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General News | May 4, 2004

More slave children being rescued

GNA

Accra, May 4, GNA - Child-Slaves numbering 864 have been rescued from some districts in the country and reintegrated with their families within the last 18 months.

The rescue exercise took place in Kpando Torkor in the Volta Region, Senya Bereku in the Central Region, Ada, Ningo and Accra Metropolitan Area in the Greater Accra Region.

The children made up of 407 girls and 457 boys included those rescued from their slave-masters and those given out voluntarily. Mr Wilbert Tengey, Executive Director of the African Centre for Human Development (ACHD), announced this in Accra on Tuesday.

He was speaking at an Anti-Child Trafficking District sensitisation and Awareness Creation Forum attended by representatives of religious bodies, assembly members, civil society and queen mothers. The forum was to collate views and suggestions on child trafficking and how to help combat the menace.

Mr Tengey said the ACHD had been actively involved in undertaking practical actions to rescue children, who have been identified as being trafficked in the districts.

He said reception homes have been established in Kpando, Sogakope and Accra to rehabilitate the rescued children.

The children were first screened, interviewed and rehabilitated before they were re-integrated into their families and communities. Mr Tengey said; "after they are taken through psychotherapy, we convince their parents to accept them back while others are sent to school and the older ones recruited into apprenticeship programmes".

He explained that, since the Centre began addressing the issue of child trafficking in 1999, about 50,000 children were found in the category of those trafficked internally and those sold or transferred to Cote D'Ivoire, Togo, Burkina Faso and Nigeria.

Mr Tengey mentioned some of the problems being encountered to include, refusal of some parents to accept their rescued children back into the family due to stigmatisation.

Others were the unwillingness of some slave-masters to release such children unless they were bought back by rescuers and the inability of the rescued children to identify their families and homes.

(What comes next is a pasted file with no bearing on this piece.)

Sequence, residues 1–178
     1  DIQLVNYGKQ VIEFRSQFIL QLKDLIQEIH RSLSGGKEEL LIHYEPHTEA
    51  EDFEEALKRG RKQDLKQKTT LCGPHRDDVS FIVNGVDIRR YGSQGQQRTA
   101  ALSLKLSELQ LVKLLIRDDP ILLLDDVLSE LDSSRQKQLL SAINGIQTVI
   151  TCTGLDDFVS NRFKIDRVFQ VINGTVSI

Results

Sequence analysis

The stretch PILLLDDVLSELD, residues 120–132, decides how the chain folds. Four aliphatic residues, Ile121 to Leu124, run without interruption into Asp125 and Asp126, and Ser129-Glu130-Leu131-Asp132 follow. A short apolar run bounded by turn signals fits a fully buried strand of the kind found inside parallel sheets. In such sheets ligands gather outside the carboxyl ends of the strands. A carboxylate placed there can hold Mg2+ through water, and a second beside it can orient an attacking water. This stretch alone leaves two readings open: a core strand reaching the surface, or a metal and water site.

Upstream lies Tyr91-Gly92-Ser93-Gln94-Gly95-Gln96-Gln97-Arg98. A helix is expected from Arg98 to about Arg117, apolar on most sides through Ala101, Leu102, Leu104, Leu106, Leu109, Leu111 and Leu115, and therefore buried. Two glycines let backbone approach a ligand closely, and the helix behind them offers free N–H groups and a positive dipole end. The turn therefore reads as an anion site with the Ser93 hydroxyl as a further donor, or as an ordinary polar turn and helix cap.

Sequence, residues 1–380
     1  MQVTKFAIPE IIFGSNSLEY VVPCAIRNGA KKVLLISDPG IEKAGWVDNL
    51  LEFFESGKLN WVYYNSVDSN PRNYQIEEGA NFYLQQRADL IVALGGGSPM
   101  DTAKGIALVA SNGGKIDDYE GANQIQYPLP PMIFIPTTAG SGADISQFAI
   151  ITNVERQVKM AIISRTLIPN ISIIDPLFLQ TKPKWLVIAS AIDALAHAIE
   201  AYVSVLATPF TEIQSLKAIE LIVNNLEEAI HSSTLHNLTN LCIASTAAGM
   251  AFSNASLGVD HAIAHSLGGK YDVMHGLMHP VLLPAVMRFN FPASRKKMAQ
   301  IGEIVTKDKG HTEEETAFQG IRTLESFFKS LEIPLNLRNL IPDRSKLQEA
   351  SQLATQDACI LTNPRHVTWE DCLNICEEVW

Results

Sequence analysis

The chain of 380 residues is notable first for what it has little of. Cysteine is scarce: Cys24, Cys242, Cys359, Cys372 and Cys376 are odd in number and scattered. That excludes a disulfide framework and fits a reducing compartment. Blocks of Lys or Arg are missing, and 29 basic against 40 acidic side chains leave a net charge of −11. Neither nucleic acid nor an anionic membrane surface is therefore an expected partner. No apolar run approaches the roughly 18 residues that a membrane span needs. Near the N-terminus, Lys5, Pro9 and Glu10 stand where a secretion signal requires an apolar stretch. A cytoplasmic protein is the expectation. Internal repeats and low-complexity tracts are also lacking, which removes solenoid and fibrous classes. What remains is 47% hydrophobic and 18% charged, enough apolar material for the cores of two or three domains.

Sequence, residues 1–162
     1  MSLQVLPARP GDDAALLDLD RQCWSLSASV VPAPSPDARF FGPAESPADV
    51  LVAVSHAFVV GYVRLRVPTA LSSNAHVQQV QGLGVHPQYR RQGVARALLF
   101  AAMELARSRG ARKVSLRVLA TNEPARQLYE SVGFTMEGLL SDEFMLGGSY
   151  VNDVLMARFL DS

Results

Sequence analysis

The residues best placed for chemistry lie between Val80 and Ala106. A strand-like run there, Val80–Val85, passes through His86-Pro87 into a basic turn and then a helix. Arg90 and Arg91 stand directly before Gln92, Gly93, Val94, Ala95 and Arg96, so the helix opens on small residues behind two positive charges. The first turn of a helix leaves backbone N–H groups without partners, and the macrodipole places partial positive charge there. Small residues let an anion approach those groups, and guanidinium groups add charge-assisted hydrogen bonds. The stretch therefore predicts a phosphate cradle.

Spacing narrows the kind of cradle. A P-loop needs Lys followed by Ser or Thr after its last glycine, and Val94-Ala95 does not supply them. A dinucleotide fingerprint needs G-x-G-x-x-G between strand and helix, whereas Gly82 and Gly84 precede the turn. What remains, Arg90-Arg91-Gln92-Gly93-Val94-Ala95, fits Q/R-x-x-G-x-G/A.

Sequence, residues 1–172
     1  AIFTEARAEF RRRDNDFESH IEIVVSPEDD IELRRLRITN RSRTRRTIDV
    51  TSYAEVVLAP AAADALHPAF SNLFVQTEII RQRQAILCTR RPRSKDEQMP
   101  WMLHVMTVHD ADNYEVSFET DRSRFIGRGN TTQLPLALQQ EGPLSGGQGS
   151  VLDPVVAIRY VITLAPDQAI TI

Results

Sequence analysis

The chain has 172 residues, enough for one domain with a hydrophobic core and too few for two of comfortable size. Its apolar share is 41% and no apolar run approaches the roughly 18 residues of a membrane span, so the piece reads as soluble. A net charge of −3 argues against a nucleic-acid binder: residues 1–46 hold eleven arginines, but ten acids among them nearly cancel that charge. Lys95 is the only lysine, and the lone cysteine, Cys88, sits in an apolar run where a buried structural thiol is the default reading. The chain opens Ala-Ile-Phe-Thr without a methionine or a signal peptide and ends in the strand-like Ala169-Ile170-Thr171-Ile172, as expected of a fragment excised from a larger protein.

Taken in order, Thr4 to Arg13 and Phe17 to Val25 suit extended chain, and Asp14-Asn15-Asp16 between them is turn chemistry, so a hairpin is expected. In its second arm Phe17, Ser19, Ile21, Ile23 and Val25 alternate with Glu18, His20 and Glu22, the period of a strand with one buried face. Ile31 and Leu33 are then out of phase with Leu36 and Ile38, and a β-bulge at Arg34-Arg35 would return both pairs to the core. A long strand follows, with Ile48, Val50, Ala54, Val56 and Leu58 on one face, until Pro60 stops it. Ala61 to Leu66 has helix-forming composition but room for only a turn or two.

He said in some cases, parents sold their rescued children back to slavery, saying; "in such situation, we inform the Police and they arrest such parents".

Mr Tengey called for a multidisciplinary approach to tackle the issue, which he described as a "big disgrace to the image of Ghana", stressing, "we should not politicise the issue".

However, Mr Tengey was grateful that the Government was promulgating a law on human trafficking, now in its final stages at the Attorney General's Department.

Under the law, offenders who deal in the sale and transfer of human beings of under or above 18 years, within or outside Ghana, would be arrested and prosecuted.

Madam Emelia Oguaah, Deputy Director of ACHD, said the ages of children rescued ranged between six and 12 years.

She said some of them were sold into slavery at a tender age of two years. They included children from other countries, who are sent to their countries after the necessary arrangements.

Madam Oguaah noted that most of the rescued children were either infected with Bilharzias or Sexually Transmitted Diseases (STDs), especially the girls.

She said while in slavery, some of them within the Accra Metropolis were mainly engaged in iced water selling, baby sitting for their masters, while those in the fishing areas were sent to sea and sometimes got drowned or left to die on the high sea.

Mr Stanley Nii Adjiri Blankson, Accra Metropolitan Chief Executive Officer, expressed the hope that the participants would come out with concrete ideas and suggestions that would help solve the nefarious trade in children.

Mrs Doris Archampong, Greater Regional Director of the National Commission for Civic Education (NCCE), called for the participation of traditional rulers in eradicating the menace since they were in direct contact with the people in the communities.

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